Anyway, my father and me, we drive off to Monticello and meet with the rabbi in his ramshackle little office, right next to Temple Emeth, off Main Street, by the diner. Saperstein is friendly, welcomes us in, sits us down. A thin, wiry guy, with a beard neatly trimmed, not like the rebbes in Crown Heights. His whole office, Richie, from head to toe, covered with books! And so he begins to explain the problems with moving Zayde. I mean, he explains the problem, knot by knot, with lessons from the Talmud, Midrash, whatever. Actually, it felt to me like he was tying more and more knots, the more he went on, Saperstein. I wish I could quote him—even my father was impressed, and like I said, Dad was not a very observant guy. So Saperstein goes on and on about the laws of kavod hamet, which means something like, “respect for the dead.”

“It’s very complicated,” Saperstein says, as if anything the rabbis say isn’t! “You see,” he says, “removal of a met—the deceased—from his burial site, it is considered a form of theft, in Jewish law. You are depriving the deceased of his “home”, especially if the gravesite was paid for. Our sages tell us, “it is pleasant for a person to rest near his ancestors." There are only a few exceptions. For example, you may move the met to new burial grounds if the deceased was buried without permission of the landowner; if the grave and the body are likely to be damaged by water, or vandalism; if the position of one grave causes damage to other graves, and things of that nature. Some of our sages say that disinterment is permitted if the deceased is moved to a place where surviving children and family can come to pray or visit. However, on the other hand…”

And on and on with the whole megilah, Saperstein talks to us for half an hour! By this time, my father and I are both starving. So we thank the rabbi, make some excuse, and head over to the Miss Monticello Diner for a little nosh. Of course, by now, my dad knows that none of this stuff about kavod hamet is going to make any difference to Morty, whose ear is right next to God’s mouth! My dad has to come up with a new plan, a strategy. He decides to pull a Solomon. No, that’s not my Dad’s term, it’s mine. My dad, he had some Jewish teaching in mind—something about “shalom bayit” and how it’s sometimes OK to change the facts a little bit, for the sake of peace. But you remember the Solomon story, right? About the two mothers who both claim the same baby? And our wise King Solomon tells them, “OK, so we’ll cut the baby in two and each of you will get half!” So when we get home, Uncle Morty pretends he’s not interested in what the Rabbi had to say—for about ten minutes. Then the conversation goes something like this.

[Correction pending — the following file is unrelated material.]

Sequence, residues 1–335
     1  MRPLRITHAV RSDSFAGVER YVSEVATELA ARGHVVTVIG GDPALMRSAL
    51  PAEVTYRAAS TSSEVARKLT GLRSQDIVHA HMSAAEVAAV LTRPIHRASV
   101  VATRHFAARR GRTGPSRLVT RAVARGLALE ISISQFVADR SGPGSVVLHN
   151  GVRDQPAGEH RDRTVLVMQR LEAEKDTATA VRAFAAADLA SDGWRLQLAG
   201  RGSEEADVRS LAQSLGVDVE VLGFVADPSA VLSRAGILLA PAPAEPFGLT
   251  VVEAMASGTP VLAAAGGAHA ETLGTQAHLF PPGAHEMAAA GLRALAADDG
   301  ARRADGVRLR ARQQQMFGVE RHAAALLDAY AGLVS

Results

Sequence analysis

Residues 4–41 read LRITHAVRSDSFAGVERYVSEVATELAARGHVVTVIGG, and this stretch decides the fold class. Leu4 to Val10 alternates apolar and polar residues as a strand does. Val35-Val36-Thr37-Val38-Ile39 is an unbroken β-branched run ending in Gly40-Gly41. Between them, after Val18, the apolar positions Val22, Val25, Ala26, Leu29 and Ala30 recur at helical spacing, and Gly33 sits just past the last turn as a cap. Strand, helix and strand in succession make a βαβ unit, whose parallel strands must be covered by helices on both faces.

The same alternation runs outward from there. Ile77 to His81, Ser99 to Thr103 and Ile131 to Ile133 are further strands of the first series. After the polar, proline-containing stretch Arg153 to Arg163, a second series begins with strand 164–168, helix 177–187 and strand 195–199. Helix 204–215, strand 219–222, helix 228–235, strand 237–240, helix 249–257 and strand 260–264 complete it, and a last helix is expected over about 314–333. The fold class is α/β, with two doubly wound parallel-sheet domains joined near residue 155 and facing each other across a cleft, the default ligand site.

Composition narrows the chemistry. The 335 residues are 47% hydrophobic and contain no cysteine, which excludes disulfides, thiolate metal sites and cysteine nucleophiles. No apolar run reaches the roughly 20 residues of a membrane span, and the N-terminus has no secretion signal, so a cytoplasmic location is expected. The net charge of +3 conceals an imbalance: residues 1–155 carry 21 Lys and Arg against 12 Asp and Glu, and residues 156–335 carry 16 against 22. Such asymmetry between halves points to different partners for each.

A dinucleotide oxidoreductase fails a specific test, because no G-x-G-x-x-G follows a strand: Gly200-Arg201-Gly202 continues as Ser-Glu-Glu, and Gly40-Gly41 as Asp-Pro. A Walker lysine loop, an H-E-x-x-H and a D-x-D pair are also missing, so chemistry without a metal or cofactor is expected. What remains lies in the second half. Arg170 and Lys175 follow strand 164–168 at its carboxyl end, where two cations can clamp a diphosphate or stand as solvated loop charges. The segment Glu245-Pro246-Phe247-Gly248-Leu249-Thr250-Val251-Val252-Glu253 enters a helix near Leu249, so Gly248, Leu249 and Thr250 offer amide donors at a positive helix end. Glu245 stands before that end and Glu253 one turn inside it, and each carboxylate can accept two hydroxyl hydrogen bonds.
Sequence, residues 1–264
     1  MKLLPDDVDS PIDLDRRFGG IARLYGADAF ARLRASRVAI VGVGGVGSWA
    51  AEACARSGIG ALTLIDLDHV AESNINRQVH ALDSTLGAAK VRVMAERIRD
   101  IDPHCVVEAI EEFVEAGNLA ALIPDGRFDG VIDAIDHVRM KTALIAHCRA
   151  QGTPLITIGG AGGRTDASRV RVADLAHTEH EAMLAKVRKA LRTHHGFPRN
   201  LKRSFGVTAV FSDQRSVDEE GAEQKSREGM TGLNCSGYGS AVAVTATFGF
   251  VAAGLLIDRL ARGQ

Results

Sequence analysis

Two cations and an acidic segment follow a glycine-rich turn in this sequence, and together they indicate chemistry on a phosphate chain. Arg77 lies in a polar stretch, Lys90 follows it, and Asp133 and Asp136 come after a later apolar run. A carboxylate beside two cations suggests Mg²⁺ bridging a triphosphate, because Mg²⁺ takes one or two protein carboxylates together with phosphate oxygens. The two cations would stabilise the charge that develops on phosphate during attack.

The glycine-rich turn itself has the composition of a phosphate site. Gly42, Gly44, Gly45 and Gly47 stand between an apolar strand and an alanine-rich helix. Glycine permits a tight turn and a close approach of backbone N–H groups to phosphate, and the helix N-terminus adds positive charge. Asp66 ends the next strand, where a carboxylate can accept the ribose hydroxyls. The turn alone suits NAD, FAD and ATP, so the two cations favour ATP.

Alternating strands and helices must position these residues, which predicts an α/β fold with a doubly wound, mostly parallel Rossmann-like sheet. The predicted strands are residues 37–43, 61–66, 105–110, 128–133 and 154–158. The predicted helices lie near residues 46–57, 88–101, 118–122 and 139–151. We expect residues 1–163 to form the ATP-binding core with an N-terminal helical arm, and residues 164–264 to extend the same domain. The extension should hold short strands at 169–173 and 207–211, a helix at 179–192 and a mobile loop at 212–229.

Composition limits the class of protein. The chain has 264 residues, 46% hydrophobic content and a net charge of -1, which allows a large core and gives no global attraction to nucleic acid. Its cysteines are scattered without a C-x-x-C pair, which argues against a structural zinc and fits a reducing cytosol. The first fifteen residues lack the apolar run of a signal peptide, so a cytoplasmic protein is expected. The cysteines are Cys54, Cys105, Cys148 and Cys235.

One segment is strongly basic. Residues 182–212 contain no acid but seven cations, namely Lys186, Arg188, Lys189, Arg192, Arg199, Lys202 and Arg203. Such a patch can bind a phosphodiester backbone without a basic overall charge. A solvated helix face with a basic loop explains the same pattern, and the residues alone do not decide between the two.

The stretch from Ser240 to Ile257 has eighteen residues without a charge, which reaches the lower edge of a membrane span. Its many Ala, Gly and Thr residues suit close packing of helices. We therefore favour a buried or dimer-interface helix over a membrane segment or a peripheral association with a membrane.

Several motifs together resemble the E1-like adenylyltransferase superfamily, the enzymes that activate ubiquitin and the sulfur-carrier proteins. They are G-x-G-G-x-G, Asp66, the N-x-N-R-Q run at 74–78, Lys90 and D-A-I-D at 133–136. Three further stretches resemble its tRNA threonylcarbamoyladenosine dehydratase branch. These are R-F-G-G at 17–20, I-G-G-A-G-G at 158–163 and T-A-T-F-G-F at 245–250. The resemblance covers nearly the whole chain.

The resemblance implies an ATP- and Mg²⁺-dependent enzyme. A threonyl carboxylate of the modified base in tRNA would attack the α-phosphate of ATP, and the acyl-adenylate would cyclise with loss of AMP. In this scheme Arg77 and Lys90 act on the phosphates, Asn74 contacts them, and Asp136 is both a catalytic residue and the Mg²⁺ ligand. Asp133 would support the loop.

“So,” Morty says, “What did the Maggid of Monticello have to say, already?”

“Well,” my dad says, very nonchalant, “The rabbi was very clear. No question about it at all. We need to divide up the bones.”

Morty gets a look on his face, like somebody just put an ice cube on his schmekel. “Oy, es vert mir finster in di oygen! “ he says. “My eyes are going dark! Not even Saperstein would come up with that! What did he really say, Jake?”

But my dad stays very calm. “I’m telling you, Saperstein says, half Zayde’s bones should stay in South Fallsburg, the other half should go to Woodbourne. What’s fair is fair, even-steven, Saperstein told us. So that’s what we’ll do, Morty, divide the bones.”

“A nahr bleibt a nahr” Morty says: “A fool stays a fool.” He paces around in our little bungalow for a few minutes, while my mother puts up a pot of coffee. I don’t think Morty really believed my father, but he knew Dad was stubborn enough to go through with it, divvying up Zayde’s bones. So after a few minutes, Morty turns to my dad and says, “OK, Gantseh Macher, you win. Zayde will stay where he is, may God forgive us!”

So that’s what happened, Richie. Zayde, may his memory be a blessing, stayed in his “home” at B’nai Yisroel. I wish I could say that Dad and Uncle Morty made peace with each other, but that never happened. I mean, they barely spoke for the next twenty years, except to do the candling and go over the books for the business. And before anybody could blink an eye, both of them were gone—Morty after a stroke, my Dad, from cancer. You can probably guess the rest, you’re a smart kid. That’s right! Morty is buried in Woodbourne, at Ohav Shalom, right off the highway, with Jews only. My dad, he’s right next to Zayde, in South Fallsburg. To this day, at B’nai Yisroel, they bury the Jews and the goyim together, and from the grave site, you can see the mountains in the distance.

Acknowledgments: Thanks to Phil Ratzer, for reminding me of several facts about the Catskills, in his memoir, "Once Upon a Time in the Catskills - A Memoir of Summer, 1958". However, the material that I present concerning the two cemeteries is purely fictitious. Material on kavod hamet was drawn in part from an article by Rabbi Yitzchok Breitowitz []. I also wish to thank Michael Wex for some suggestions on Yiddish expressions.


from the July 2010 Edition of the Jewish Magazine